A volunteer with boys and girls at the educational center in Peru. In Peru, 21.8% of boys and girls cannot be what they are: children. And it is that this country is the one that leads the ranking of child labor in all of Latin America, followed by Bolivia and Paraguay. Says the 2018 report on child labor of the International Labor Organization. On the International Day against Child Labor from Tumaini we want to send a clear message: enough is enough! Those are the numbers, but how do you live?
Fernando with another volunteer at the little school in Peru. No crowded streets. No tourists taking photos everywhere. Taking a charity trip outside the summer period is becoming more and more common! Fernando Jiménez has collaborated in the little school in Cusco between November and December 2018. He has met several volunteers with whom he was "warm from day one" and he has loved his relationship with the boys and girls. How was the day to day in the project? The volunteers
Nerea during her volunteering at the little school in Iquitos. They say that taking a solidarity trip is engaging and that, whoever tries it, cannot stop traveling. Something similar has lived Nerea. First he traveled to India. Then to Kenya. And now, he has just returned from Iquitos, Peru, together with Enric, his partner. He has collaborated in a little school for boys and girls with few resources and has learned to live with very little and to "totally connect with nature". Did you imagine the project like this? No, it was much better than I expected!
Open your eyes! Any corner of Lima can surprise you. Is it the first time you travel to Peru? Do you land in Lima and don't know how to start moving around the city? After several trips around the country, we give you 8 keys to acclimatize as quickly as possible. 1) Money The currency of Peru is the nuevo sol, and the approximate exchange rate is 3.60 - 3.80 nuevos soles per euro. We recommend you take a part in cash (euros and/or dollars) for the first few days and then withdraw money from the ATM
One of the children from the NGO in Cusco "To experience new sensations. Develop affection. Understand other realities. Adapt to a way of life that is not mine. Solving unforeseen events". That and much more was Noelia's solidarity trip to the educational project with Quechua-speaking children in Cusco: "I got to know the Peru that I wanted to discover. From 3.30 to 4.30 p.m. we helped them with their homework, and, if they had any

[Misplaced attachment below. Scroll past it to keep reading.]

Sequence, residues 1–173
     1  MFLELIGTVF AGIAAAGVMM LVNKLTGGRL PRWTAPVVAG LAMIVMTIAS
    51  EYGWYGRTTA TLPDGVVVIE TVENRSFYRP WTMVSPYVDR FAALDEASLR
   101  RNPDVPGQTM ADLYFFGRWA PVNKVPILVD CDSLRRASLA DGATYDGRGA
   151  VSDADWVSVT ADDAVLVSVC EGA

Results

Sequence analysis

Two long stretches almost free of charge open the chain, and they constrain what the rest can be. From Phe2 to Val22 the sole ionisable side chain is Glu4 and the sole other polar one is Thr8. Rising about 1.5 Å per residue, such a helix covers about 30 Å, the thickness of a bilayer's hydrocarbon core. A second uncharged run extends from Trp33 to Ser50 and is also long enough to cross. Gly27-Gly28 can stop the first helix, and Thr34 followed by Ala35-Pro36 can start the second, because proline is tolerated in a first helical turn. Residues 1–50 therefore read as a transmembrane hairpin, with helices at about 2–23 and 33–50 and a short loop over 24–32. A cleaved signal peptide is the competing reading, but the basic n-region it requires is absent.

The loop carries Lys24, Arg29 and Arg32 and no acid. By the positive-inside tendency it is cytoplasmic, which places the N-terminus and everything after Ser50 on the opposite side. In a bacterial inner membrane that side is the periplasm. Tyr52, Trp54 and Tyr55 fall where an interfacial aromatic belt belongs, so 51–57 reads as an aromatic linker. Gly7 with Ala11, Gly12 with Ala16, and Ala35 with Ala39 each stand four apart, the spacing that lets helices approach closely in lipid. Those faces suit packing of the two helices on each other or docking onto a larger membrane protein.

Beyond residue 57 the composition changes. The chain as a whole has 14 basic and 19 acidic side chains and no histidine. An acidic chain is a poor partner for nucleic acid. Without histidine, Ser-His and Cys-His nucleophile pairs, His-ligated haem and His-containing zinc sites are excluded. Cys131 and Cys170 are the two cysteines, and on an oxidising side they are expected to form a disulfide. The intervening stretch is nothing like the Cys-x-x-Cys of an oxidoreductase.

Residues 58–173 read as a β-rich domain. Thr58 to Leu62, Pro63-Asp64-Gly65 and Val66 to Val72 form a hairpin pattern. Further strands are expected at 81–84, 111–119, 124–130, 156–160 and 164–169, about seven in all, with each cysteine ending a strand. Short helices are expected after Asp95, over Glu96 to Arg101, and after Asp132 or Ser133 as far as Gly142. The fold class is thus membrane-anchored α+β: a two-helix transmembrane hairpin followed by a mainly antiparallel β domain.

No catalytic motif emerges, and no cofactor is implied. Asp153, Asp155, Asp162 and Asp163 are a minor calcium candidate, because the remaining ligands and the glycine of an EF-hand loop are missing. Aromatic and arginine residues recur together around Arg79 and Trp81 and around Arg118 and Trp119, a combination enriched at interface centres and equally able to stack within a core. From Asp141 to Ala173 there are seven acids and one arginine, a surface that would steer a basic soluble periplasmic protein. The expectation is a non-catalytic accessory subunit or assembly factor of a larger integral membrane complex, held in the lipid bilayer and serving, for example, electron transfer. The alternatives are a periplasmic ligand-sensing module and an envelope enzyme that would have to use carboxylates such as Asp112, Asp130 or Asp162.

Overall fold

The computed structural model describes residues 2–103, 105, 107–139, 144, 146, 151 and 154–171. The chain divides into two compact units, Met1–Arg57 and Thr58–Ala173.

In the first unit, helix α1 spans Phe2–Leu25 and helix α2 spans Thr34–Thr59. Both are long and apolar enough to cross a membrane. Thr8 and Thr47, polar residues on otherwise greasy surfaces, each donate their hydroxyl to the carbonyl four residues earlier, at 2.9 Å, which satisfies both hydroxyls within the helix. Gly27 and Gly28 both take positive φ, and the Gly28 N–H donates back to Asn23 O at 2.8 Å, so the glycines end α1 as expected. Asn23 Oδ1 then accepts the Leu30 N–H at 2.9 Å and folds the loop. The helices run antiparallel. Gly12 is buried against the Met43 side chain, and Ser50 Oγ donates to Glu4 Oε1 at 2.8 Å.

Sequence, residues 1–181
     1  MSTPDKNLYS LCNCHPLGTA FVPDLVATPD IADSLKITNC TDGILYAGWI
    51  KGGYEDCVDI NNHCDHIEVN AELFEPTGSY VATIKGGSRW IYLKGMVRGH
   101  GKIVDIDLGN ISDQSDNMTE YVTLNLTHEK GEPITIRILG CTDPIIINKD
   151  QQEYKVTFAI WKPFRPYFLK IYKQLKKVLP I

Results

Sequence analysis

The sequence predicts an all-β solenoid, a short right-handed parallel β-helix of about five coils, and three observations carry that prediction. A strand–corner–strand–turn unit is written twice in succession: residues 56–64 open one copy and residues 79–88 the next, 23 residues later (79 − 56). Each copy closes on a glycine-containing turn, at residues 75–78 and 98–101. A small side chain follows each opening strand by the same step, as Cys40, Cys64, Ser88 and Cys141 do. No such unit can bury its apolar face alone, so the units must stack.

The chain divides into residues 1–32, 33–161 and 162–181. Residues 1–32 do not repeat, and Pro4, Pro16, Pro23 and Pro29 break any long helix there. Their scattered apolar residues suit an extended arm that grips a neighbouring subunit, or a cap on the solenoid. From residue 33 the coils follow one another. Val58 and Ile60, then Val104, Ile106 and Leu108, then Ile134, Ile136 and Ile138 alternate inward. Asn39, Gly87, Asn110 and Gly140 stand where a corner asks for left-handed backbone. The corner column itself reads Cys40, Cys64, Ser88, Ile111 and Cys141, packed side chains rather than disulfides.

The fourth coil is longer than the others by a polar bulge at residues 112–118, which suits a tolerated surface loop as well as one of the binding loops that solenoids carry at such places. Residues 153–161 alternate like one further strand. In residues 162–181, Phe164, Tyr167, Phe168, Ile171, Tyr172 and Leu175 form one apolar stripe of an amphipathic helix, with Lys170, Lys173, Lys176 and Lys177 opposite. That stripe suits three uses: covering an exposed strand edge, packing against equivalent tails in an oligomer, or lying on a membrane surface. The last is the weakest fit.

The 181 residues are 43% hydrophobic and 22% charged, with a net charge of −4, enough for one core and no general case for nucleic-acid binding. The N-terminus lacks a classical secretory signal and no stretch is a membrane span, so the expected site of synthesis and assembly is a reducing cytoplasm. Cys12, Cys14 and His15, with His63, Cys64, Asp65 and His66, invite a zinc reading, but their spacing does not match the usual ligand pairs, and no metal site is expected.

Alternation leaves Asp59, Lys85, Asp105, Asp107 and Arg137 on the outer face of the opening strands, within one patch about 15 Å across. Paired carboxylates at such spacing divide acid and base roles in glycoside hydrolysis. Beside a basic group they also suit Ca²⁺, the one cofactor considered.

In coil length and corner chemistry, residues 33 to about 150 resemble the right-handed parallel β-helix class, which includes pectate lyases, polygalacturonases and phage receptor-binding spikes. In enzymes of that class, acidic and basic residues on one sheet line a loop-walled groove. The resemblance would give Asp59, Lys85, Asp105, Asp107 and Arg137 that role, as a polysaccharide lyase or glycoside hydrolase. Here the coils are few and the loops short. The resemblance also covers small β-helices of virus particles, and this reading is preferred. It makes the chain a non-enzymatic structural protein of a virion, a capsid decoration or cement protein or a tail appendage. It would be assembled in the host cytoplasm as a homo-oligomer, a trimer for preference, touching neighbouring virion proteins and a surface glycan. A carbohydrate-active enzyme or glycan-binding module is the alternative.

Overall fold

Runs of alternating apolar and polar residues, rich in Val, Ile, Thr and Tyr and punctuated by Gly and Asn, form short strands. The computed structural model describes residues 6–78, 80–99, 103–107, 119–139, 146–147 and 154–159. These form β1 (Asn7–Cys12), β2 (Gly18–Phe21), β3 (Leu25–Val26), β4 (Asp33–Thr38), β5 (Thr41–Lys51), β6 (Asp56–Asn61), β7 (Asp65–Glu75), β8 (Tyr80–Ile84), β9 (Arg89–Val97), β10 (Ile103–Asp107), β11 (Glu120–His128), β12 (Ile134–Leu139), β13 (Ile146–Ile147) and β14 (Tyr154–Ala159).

Cristina during her solidarity trip to PeruWhen we visited Peru for the first time, we had an obsession: visiting Machu Picchu. And the experience was incredible, but... Now that we have traveled the country of the Incas several times, we can say it: there are other places that are MUCH worth it and that, in addition, are not so exploited, so you can visit them with peace of mind and no crowds. We share our 8 favorites!1 Guided tour of CuscoThere are many companies that organize guided tours of the historic center of Cusco. We did a Free Tour
Silvia with one of the girls from the school - art workshop. What is an ordinary day like for a volunteer in Peru? Silvia Lavado collaborated for a month with both the kids from Cusco and Lamay. He tells us in detail about the small daily adventures that are experienced in the project and confesses to us what he liked most about the experience: "the little family that the volunteers become". school-art workshop. He
Itziar with one of the girls from the project.Itziar has just returned from her first volunteering outside of Spain and her experience can be summed up in one word: “learn”. He has collaborated for a month with the youngest boys and girls (the “wawachas”) of the little solidarity school in Cusco, Peru. And he liked it so much that he is already thinking about his next solidarity trip. Why did you choose Peru? When choosing a destination, he was not at all clear. I hesitated between Kenya, India, Mexico, etc. But Almu of Tumaini
When Gerard decided to travel to Peru to collaborate with the education of children with few resources, he did not imagine that he would be back so soon. His idea was to make a solidarity trip for a month. He lived 30 days full of adventures, artistic activities and, above all, a lot of dialogue between children, family members and volunteers. When he was going to return, they offered him to stay on the project as coordinator. And so he did. Now, just landed in Cusco, he tells us how he lived the experience. we wish you a lot
If you still don't have a plan for this summer and you want to live a different experience this year, would you like to get to know a country like Kenya, India or Peru up close and collaborate with a local NGO? We propose 5 plans in 3 different continents for you to live an adventure of 10 this summer! A trip... what? A solidarity trip is a unique experience where a person not only gets to know the tourist attractions of a country, but also projects that work to improve their immediate reality. Travellers dedicate a few hours to the